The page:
The Dunning-Kruger Effect

EdgarDegas-PaintingEasy-481x500

 

I’m writing this post because I suffered, to some extent, from the Dunning-Kruger effect in the beginning of my journey towards becoming a professional writer (I still might do, but I’m pretty sure it would be to a much lesser extend). And I think it’s worth knowing about this sort of thing if you’re at a similar place writing skill wise (or any other skill for that matter).

Now, this post could’ve been called Why you need iron skin to get published, Why most stories get rejected, Why most submissions suck, or something similar. But it’s not. It’s called the Dunning-Kruger effect after the psychological phenomenon so excellently pinned by Edgar Degas’ quote above.

What this phenomenon comes down to at its core is the observation that people who aren’t very good at something, this could writing or painting for example, tend to overestimate their own abilities in said area. At the same time, as people get better at a certain skill, they tend to underestimate their abilities.

Staying with the subject of writing fiction, this means that professional authors or experienced amateurs/semi-pros who have reached a certain level of competency often (not always; the world doesn’t deal in absolutes) will doubt their own skills. Even after they’ve achieved some level of success they may suffer from anxiety about their writing skills, perhaps even from imposter syndrome.

On the other hand, beginning writers or writers who have dabbled for a while but never really done anything to improve their skills will likely fail to see their own short comings. I’ve read a fair bit of amateur fiction the last couple of years, and I can attest to the truth of this.

Of course, there many writers with a more accurate assessment of their own skills and limitations, but, boy are there many too who gets a shock when people try to point how much they need to improve to get near writing at a publishable level. I believe this is also, at least partly, the reason why so many self-published authors struggle with understanding why their books don’t sell. Self-publishing has become very simple with ebooks, but that doesn’t mean it’s easy, at least not to do well.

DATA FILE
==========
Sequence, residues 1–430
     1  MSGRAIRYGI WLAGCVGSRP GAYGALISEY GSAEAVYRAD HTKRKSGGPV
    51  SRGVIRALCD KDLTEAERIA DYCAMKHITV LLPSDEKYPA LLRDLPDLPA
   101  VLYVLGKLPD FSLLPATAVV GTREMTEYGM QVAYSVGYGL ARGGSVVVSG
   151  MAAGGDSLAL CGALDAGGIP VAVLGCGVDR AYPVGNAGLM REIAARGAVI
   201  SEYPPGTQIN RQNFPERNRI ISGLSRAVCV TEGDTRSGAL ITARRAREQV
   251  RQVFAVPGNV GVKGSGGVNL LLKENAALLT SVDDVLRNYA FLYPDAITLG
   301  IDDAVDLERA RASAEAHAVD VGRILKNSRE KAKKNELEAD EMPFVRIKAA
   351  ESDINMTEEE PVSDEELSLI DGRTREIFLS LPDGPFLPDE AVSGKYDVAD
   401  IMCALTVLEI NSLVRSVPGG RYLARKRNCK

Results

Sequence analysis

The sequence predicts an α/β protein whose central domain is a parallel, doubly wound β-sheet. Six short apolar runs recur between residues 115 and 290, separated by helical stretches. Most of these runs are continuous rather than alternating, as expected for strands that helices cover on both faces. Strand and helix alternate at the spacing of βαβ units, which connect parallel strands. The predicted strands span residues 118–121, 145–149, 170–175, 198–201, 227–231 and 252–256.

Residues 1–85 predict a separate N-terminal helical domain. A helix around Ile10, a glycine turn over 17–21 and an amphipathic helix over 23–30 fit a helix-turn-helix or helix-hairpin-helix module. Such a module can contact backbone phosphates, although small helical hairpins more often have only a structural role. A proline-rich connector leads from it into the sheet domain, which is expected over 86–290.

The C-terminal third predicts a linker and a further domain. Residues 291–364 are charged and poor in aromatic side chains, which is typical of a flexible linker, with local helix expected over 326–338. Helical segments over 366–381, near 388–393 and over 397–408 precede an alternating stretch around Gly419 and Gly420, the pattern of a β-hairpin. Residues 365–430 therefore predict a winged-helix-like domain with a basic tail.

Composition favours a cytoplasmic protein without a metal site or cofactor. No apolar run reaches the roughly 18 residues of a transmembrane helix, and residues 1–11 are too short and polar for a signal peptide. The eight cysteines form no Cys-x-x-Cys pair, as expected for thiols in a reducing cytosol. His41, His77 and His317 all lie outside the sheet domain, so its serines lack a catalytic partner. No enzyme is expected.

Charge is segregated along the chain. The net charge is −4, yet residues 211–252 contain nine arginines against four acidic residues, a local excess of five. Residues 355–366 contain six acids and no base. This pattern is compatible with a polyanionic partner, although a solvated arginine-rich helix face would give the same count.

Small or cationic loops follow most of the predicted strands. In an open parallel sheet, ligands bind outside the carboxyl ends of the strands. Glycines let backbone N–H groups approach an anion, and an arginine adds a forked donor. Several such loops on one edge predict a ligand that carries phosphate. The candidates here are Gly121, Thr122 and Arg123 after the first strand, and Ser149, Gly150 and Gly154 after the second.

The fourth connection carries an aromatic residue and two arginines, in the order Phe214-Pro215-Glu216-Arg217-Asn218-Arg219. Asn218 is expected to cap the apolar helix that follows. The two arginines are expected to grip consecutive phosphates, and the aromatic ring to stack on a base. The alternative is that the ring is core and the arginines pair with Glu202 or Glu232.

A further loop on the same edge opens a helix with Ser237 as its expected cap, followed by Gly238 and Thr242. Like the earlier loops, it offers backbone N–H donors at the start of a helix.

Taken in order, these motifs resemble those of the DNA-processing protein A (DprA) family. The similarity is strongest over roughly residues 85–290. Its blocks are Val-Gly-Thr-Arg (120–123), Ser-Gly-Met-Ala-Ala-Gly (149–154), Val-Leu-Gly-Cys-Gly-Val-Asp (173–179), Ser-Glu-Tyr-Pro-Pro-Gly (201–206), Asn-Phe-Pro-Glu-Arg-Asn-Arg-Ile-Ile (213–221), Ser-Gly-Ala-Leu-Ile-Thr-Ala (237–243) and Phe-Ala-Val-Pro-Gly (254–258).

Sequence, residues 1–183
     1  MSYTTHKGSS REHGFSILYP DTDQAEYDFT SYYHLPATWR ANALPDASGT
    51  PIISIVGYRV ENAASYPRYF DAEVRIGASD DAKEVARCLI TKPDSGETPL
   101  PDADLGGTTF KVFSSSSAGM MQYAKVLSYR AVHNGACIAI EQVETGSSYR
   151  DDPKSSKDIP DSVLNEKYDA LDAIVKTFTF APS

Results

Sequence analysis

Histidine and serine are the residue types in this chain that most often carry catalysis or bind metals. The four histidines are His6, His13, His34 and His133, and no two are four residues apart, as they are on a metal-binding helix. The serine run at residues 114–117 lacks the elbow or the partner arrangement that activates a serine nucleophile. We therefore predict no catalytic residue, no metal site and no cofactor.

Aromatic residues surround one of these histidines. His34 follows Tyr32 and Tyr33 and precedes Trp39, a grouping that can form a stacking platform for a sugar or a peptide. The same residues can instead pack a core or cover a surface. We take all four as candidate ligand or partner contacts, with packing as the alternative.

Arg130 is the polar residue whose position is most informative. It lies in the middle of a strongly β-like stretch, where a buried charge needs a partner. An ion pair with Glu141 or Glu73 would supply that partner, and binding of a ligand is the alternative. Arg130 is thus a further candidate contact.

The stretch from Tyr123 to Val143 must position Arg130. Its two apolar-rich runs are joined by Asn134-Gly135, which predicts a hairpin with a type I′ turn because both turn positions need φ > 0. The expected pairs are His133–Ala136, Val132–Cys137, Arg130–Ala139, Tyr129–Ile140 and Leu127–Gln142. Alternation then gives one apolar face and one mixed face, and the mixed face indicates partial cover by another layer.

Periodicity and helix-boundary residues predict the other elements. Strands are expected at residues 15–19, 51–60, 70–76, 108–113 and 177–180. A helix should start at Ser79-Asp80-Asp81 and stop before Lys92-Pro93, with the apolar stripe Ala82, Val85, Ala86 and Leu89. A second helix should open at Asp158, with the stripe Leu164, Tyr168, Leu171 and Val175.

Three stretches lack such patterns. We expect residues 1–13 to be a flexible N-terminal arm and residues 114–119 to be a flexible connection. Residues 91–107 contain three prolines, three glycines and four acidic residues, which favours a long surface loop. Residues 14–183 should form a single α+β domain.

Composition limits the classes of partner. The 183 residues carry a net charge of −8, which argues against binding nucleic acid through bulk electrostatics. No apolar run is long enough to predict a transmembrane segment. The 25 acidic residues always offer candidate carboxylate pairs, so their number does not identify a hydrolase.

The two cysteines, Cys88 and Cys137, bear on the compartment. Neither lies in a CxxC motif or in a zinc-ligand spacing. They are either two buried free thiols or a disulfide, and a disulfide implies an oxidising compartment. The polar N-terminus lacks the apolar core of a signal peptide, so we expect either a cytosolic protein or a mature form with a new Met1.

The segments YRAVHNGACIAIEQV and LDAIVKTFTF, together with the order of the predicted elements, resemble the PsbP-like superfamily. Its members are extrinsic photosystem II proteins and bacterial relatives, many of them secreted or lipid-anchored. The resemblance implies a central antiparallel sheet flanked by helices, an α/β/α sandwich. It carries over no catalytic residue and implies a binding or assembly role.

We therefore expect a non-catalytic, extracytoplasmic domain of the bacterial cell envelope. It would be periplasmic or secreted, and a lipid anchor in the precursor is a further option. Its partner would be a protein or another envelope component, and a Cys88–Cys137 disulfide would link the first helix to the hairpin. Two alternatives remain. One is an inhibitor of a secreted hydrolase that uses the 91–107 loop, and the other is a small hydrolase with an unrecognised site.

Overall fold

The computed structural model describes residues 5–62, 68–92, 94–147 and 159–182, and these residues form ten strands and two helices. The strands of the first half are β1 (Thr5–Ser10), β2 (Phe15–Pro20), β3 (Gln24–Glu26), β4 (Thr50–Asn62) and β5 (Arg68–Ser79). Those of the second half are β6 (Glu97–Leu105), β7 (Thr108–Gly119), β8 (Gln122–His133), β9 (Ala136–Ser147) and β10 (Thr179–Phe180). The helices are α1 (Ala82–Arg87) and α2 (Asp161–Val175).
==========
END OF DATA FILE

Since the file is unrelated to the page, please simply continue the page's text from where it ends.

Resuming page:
Now, this post isn’t meant as a bashing of all those out there who have lofty ideas about their writing skills. Not at all. It’s meant as a cation that you be in for a nasty surprise and advice that you don’t give up when you get some rough feedback.

I wish I’d gotten this advice when I started, and I wish I’d heard about the Dunning-Kruger effect.

The first time I gave fiction writing ago I hadn’t really be a reader for more than a couple of years, and not an avid one at that, but I’d fallen so much in love with science fiction and fantasy that I decided try my hands at dabbling a bit.

I didn’t dream about becoming a professional author back then, and I hadn’t research the tiniest bit about what it took to create great fiction. Well, I knew what I’d written wasn’t any good, but I figured: hey, I’m a pretty smart guy (see, Dunning-Kruger effect), I can create something that isn’t utter crap. So when I showed it to my, at the time, girlfriend, I wasn’t expecting her to laugh out loud at the few lines I’d written (they weren’t meant to be funny).

With that humiliation in place and without the drive I have today that compels to keep writing, I didn’t try my hand at fiction for another three years or so. (If you think this is bad, try listening to Nebula Award winning author Eric James Stone talk about how a rejection letter kept him from writing for ten years!)

When I finally figured out that this fiction writing stuff wasn’t just a passing breeze for me, it was something I could actually enjoy doing for the rest of my life, I was ready for the rough feedback.

Well… sort of.

I had done some research about what it took to become a pro author, I had studied what constituted good writing and practiced my skills, but I was still far from clearheaded about what level my writing was at.

I knew I wasn’t writing at pro level or anything, but I figured I’d gotten the basics down, consistent point of view, having conflict in every scene, realistic sounding dialogue. Yeah, well, I put a story up for reviews at the writing site I hang about, and I got some pretty rough feedback.

It was tough seeing people slam your writing like that, but it worked wonders in grounding me in the real world, and it taught me a lot about my weaknesses and about the importance of feedback.

I tried fixing the things the reviewers had mentioned, but probably my writing skills weren’t even at a level where I could fix that relatively simple flash fiction piece. I decided to submit to an online market anyway, but I did so with a clear my.

I knew it would get rejected, but I did to get that first rejection over with, to toughen my skin, to clear away the anxiety. And if it against all hope got accepted, then great, nothing lost.

Of course, it didn’t, but I didn’t bring me down and none of the rejections I’ve received since then have either.

If your just beginning your writing journey or your not quite sure what level your writing is at, I hope this post was useful to you. And if you have any stories about rejections or the Dunnin-Kruger effect you want to share, fell free to so in the comments.

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